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File Type: jpg flash.jpg (16.4 KB, 35 views)
File Type: jpg flasha.jpg (18.8 KB, 36 views)
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  #10  
Old 31-12-05, 09:11
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Quote:
Originally Posted by Saphire
Don here are the photo's of the flashgun.

Christine
Christine,

Thats super. All you need to have a play today is something to take a picture of. Not too shiney. Even a dull coin will do.

The biggest problem you have probably found is focusing as you can only really do that by moving the camera closer to the subject, and fine focus is hard to get. ( hence my comment on a fine focus rail ).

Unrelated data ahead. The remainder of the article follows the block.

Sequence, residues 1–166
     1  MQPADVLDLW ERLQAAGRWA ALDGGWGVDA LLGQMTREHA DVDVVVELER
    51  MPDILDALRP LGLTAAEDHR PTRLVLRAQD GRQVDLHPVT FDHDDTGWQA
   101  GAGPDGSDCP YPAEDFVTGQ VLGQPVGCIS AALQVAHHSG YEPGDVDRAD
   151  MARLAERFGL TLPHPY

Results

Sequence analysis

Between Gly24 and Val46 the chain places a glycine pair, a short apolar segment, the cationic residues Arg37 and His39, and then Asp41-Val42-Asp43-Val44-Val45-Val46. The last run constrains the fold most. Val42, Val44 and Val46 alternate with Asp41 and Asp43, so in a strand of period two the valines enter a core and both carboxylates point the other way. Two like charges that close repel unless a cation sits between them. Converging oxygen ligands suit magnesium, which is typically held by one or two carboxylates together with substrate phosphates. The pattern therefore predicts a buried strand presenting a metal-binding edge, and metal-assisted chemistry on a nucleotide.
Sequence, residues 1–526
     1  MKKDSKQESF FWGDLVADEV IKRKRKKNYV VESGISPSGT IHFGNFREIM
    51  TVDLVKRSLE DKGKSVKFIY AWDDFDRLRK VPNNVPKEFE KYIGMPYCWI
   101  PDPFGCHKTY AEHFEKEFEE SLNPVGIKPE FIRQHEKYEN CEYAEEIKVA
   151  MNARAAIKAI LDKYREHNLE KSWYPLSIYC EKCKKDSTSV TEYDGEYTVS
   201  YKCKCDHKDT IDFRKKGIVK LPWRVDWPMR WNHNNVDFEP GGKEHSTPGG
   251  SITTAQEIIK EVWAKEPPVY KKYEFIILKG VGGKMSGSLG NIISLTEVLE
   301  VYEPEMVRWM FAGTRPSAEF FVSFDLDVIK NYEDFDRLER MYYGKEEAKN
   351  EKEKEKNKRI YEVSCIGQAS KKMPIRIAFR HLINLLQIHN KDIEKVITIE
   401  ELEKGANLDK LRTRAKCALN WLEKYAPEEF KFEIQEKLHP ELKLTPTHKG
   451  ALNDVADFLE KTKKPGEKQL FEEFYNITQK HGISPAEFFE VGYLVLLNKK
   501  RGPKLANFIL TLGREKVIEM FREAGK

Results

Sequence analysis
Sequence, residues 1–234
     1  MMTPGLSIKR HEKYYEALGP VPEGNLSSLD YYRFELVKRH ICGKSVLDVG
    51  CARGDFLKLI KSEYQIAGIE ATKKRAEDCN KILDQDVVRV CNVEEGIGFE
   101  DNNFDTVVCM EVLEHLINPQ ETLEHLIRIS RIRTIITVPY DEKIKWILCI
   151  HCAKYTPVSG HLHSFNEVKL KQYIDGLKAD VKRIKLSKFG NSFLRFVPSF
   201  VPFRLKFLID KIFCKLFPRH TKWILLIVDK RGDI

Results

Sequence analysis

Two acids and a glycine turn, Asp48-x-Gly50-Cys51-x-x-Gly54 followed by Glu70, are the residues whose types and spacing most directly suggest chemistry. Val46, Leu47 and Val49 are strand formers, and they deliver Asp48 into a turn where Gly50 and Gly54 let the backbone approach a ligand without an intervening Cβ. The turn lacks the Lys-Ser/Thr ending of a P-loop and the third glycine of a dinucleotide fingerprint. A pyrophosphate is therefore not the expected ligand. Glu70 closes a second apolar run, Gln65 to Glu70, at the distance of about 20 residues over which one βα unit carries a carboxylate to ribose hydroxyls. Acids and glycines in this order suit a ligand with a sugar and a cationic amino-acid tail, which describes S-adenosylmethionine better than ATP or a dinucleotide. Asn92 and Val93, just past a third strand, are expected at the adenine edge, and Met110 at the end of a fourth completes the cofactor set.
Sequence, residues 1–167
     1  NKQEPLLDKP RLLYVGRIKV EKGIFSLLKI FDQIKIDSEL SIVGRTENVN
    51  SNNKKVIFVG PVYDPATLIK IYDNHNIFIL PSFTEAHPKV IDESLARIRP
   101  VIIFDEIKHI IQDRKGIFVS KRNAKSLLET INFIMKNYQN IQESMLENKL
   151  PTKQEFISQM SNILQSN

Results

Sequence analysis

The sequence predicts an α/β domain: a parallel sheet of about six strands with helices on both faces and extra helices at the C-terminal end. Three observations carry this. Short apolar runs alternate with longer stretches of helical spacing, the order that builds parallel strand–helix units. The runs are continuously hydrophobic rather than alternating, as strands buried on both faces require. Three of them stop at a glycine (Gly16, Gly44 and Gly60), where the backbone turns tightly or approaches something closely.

We can do it another way as an indoor job.

Set yourself up to take the picture with the subject on top of something you can easily slide on a table top.
Set your remote flash at an angle to the subject about 18 inches away. A second tripod helps but you may be able to tape it to something. Lay a piece of kitchen towel or other white tissue over the flash to diffuse it.

Set up and take a picture starting at f8. If a lot too bright try f16. If still too bright move the flash to 2 feet and go again. - Trial and error job here.
When you are happy with the exposure hold a piece of normal white printer paper on the other side of the subject to the flash angling it to bounce light back in and take your picture.

Two pics attached. ......... HAVE FUN


Don
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File Type: jpg Christines flash.jpg (61.2 KB, 28 views)
File Type: jpg Christine set up.jpg (10.8 KB, 34 views)